Land managers and policy makers need to re-appreciate where and when it is beneficial to integrate trees with farm systems. This workshop will examine a wide range of agroforestry practices which can improve farm profitability and provide environmental benefits for society. It will seek ways to maximise areas of synergy and to minimise or avoid areas of tension.
Society requires land managers who can profitably provide food, fibre, and bio-energy in a socially and environmentally responsible way. In the context of increased demands on land use, this workshop will argue that segregating land use into either “agriculture” or “forestry” is self-defeating. For individual businesses, practices such as wood-pastures, grazed orchards, biofuel hedgerows, shelterbelts, woodland eggs, and woodland grazing can provide additional revenue and often welfare benefits. At a landscape level, appropriate integration of trees with farming can increase carbon storage, reduce runoff and nitrate leaching, and enhance biodiversity.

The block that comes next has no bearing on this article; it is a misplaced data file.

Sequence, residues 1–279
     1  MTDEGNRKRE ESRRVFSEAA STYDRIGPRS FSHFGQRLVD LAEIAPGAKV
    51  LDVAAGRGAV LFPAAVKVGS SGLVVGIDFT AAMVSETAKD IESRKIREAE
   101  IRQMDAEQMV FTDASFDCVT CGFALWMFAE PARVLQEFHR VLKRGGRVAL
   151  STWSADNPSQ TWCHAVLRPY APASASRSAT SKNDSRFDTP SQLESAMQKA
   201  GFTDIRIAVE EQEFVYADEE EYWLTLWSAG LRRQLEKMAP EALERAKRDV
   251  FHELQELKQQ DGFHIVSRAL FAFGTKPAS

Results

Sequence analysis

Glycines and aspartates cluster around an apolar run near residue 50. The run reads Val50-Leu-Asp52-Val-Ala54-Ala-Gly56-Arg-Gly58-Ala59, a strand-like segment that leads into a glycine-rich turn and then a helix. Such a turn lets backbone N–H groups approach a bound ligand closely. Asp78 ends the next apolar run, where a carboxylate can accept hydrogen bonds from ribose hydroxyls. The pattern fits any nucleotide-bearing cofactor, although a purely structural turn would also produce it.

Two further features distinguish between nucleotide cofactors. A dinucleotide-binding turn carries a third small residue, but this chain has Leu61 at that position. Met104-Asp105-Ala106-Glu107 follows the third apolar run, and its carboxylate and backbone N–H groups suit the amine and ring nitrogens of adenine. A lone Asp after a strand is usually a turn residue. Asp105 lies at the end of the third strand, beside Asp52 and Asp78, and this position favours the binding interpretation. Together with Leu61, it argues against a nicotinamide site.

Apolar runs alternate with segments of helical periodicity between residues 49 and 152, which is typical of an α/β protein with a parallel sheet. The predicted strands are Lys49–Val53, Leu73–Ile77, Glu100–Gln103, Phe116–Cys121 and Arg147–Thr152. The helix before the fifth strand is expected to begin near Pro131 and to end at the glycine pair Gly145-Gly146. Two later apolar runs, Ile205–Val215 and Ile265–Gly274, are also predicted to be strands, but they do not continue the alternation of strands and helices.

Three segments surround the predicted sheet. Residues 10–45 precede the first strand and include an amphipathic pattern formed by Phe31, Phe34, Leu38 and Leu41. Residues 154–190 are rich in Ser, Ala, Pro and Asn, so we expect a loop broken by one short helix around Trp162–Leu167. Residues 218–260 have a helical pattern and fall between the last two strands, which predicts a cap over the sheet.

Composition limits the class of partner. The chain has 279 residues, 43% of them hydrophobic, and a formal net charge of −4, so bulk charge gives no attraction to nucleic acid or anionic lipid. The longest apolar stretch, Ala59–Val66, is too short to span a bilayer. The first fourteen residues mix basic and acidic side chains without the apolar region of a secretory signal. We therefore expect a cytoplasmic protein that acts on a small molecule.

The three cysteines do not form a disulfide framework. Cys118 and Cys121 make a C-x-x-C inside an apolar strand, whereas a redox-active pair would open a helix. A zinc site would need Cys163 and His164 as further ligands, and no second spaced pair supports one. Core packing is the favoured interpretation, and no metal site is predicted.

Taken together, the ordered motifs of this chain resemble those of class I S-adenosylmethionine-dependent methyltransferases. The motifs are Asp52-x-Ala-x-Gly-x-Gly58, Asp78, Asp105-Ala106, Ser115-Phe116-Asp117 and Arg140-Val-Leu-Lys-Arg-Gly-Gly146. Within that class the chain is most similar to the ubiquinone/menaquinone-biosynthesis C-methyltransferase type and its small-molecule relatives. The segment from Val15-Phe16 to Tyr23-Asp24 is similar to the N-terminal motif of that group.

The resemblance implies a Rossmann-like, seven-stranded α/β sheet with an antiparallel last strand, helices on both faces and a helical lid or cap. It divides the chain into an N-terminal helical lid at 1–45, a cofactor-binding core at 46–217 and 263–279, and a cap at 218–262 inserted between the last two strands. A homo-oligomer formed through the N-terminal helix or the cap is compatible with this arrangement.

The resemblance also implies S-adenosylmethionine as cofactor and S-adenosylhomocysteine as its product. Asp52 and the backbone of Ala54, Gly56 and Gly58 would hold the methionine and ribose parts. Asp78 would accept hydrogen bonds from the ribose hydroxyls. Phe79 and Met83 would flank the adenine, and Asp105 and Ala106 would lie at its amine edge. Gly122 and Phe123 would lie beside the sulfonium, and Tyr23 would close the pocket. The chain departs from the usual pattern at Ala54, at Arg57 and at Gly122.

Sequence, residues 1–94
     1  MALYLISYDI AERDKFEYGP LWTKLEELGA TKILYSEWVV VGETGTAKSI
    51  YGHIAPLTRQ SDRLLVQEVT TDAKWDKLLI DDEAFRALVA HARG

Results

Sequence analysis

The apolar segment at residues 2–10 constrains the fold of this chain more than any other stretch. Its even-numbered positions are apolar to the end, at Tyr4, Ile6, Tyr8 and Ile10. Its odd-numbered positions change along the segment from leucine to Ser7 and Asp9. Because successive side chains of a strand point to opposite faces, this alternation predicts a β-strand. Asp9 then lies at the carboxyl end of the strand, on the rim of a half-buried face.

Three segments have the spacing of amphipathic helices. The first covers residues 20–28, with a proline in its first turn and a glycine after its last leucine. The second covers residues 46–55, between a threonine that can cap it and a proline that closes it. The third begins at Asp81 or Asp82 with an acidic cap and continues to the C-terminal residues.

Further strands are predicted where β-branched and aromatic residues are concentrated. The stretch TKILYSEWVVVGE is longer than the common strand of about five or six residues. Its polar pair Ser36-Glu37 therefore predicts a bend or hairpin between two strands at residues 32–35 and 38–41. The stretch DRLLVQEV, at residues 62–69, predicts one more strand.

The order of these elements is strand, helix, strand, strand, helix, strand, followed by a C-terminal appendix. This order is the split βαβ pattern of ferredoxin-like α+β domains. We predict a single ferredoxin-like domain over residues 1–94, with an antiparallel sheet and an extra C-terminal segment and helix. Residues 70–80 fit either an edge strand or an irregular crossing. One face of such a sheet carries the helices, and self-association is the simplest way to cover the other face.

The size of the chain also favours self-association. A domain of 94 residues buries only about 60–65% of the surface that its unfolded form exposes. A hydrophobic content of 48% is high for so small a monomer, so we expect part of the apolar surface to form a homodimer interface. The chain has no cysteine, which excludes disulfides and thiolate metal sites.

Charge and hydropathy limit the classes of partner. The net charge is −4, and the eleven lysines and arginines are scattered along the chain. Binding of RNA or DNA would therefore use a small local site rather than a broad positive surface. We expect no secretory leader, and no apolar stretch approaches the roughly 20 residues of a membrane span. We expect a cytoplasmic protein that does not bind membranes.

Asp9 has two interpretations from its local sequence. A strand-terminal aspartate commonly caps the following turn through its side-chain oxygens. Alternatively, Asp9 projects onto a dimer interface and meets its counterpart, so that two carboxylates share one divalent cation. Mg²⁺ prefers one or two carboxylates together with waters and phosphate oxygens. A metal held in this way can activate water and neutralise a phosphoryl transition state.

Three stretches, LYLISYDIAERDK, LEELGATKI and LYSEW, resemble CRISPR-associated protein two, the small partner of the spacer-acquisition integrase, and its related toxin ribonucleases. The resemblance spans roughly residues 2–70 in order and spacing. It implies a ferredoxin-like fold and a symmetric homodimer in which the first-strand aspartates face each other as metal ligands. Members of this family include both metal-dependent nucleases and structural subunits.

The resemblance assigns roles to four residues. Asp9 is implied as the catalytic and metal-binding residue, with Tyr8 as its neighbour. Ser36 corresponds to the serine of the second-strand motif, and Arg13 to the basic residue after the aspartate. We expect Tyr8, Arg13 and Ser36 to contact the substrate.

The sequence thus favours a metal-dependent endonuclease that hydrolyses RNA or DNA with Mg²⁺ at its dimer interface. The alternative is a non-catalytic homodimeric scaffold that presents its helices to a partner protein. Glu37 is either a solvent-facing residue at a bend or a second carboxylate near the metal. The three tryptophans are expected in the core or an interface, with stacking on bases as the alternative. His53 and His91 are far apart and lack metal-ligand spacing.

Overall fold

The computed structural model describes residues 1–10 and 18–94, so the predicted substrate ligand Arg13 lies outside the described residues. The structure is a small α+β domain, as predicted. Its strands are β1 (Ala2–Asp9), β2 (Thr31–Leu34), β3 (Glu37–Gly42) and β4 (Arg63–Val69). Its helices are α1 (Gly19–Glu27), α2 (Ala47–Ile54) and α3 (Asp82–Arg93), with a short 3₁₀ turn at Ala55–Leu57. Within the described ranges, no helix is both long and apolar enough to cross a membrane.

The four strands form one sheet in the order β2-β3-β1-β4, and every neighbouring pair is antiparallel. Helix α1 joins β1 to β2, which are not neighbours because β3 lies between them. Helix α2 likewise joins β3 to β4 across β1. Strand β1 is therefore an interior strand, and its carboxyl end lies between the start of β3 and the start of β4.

This workshop seeks presentations from potential speakers who are successfully integrating trees with farming. Locally, this is anticipated to include work by the Woodland Trust and Harper Adams on tree browsing on dairy farms and the use of shelter-belts. Within Europe, the workshop will seek presenters from research projects such as “AGFORWARD” which is promoting agroforestry and working with about 800 farmers and other stakeholders across 15 countries and 26 institutions across Europe (www.agforward.eu). We invite presentations on the technical, economic, social or policy aspects of agroforestry, and particular welcome presentations which emphasise practical applications.
Depending on the timing, we anticipate that we will arrange a field trip to see the local use of shelterbelts and/or the use of tree browse on dairy farms.
The initial proposal is for a standard workshop format of oral presentations, posters and discussion. The proposed span of each presentation is 10 minutes. We will encourage presentations which include both a researcher and a practitioner.
Jo Smith (Organic Research Centre, UK)
Rosa Mosquera Losada (European Agroforestry Federation, and University of Santiago de Compostela, Spain)
Mike Strachan (Forestry Commission, UK)
Helen Cheshire (Woodland Trust, UK)
Dirk Freese (Brandenburgische Technische Universitat Cottbus – Senftenberg, Germany)
Piero Paris (Consiglio Nazionale delle Ricerche-Istituto di Biologia Agroambientale e Forestale, Porano, Italy
Jim Waterson, Harper Adams University